Capital letters have three basic uses, of which nearly all others may be regarded as particular cases: (1) to give emphasis, as in official titles and initial words; (2) to distinguish proper nouns and adjectives from common ones; and (3) to highlight words in headings and captions.
In English the first letter of certain words is capitalized to give emphasis and to clarify sentence structure and meaning for the reader. This chapter gives rules to define which words require capitals, but editorial practice varies considerably on this subject, depending on the desired degree of formality, the intended readership and the organization’s house style.
In order to ensure consistency in your own style, follow the rules below, which apply to most general types of writing, and consult the Gage Canadian Dictionary, which gives the upper-case use of many words. Capitalization in specialized documents should be based on professional style guides.
(a) Capitalize the first word of a sentence or sentence equivalent:
(b) Capitalize the first word of a direct quotation that is itself a complete sentence:
Do not use the upper case if the quotation is merely a sentence fragment or is worked into the structure of the sentence:
In quotations where historical, legal, documentary or scientific accuracy is crucial, reproduce upper-case letters as faithfully as possible.
For more detailed information on quotations, see Chapter 8 Quotations and Quotation Marks.
(c) Capitalize the first word of a complete sentence enclosed in parentheses when it stands alone, but not when it is enclosed within another sentence:
(d) Capitalize the first word of a direct question within a sentence:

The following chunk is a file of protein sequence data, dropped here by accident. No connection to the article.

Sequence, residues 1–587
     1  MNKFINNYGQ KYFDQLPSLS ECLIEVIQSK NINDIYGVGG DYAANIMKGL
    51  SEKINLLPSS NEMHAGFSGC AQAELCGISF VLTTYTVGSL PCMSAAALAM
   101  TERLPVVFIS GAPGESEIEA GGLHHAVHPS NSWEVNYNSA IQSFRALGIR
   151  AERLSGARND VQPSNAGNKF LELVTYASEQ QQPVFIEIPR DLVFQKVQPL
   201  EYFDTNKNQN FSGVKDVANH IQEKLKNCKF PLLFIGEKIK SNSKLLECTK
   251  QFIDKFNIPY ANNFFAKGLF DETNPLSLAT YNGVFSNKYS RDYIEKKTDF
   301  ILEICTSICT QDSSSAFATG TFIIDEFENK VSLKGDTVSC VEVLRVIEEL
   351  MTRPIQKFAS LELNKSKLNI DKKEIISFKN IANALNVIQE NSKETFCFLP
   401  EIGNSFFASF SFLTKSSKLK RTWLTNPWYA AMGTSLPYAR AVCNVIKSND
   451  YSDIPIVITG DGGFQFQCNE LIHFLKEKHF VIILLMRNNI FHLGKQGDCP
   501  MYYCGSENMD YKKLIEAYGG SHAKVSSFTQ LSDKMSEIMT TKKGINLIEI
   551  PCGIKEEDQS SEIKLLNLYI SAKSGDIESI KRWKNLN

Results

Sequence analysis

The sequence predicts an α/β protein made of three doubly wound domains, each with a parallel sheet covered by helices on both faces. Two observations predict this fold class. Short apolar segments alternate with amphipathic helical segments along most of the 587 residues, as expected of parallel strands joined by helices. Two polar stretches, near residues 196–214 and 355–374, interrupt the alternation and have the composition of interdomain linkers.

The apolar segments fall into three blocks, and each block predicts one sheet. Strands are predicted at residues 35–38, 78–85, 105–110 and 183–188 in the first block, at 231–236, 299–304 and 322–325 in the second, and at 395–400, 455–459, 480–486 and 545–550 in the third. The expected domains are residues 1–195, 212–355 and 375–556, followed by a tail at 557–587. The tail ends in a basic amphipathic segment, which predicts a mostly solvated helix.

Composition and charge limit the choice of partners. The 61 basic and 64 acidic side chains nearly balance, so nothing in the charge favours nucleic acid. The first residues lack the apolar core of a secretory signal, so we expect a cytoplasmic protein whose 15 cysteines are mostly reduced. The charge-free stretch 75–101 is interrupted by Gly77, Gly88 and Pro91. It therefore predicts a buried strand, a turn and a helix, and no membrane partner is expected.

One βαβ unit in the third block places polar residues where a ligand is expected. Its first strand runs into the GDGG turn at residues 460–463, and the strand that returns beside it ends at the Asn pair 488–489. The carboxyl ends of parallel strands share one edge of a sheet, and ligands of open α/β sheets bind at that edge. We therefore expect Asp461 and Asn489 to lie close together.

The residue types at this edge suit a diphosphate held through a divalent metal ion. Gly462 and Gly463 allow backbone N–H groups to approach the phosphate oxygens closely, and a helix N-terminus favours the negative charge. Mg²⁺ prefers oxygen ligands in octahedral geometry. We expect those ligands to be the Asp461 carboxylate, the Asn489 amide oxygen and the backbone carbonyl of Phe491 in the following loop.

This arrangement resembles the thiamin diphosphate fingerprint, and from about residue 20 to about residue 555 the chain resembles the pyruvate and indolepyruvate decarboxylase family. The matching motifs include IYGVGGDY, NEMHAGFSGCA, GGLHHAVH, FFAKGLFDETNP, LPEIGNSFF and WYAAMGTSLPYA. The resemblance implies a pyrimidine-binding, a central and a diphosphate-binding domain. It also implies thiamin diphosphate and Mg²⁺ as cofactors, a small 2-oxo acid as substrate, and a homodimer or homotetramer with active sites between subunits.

Consistently capitalize (or lower-case) parallel sentence fragments used as questions:
Do not capitalize words that normally introduce questions (who, why, when, how) when they stand alone as verb complements:
(e) Capitalize the first word after a colon if it begins a direct question (see 4.02 Initial words(d) above) or a formal statement, introduces a distinct idea, or is followed by more than one sentence:
See Chapter 7 Punctuation for further information on use of the colon.
(f) The word following a question mark or exclamation mark may or may not be capitalized, depending on how closely the material it introduces is considered to be related to what precedes:
(g) Capitalize the first words of truisms and mottoes run into text:
(h) The personal pronoun I and the vocative O are always capitalized in English; oh is capitalized only when it begins a sentence or stands alone.
(i) The first word of a line of poetry is traditionally capitalized, but some modern poets do not follow this practice. It is therefore best to check the original and respect the poet’s preference.
(a) Capitalize proper nouns and epithets that accompany or replace them:
(b) When O’ forms part of a proper noun, it and the first letter after the apostrophe are capitalized:
(c) When the particle Mc or Mac forms part of a name, the letter M is capitalized. Capitalization and spacing of the letters that follow may differ and individual preferences should be respected:
(d) Individual preferences regarding the capitalization and spacing of articles and particles in French or foreign names should also be respected when they can be ascertained.1 The following are correct forms:
(e) In the case of historical figures, treatment in English may differ from that in the original language, and no real standard appears to exist. Consistency in treating a particular name (such as Leonardo da Vinci, Luca della Robbia or Vincent van Gogh) is all that can be aimed for. In some cases, the most familiar form of the name omits the particle entirely:
(f) Capitalize a nickname (a word or phrase used as part of, or instead of, a personal name):
Similarly, capitalize names of fictitious or anonymous persons, and names used as personifications:
As a general rule, capitalize an adjective derived from a proper noun or a name used adjectivally:
Proper adjectives are associated with the person or place from whose name they are derived. When this association is remote, the adjective becomes common and in most cases no longer takes a capital, as illustrated below:
Verbs derived from proper nouns are also capitalized unless their association with the proper noun is remote:
Check proper noun derivatives carefully, however. Usage in this regard is not standardized.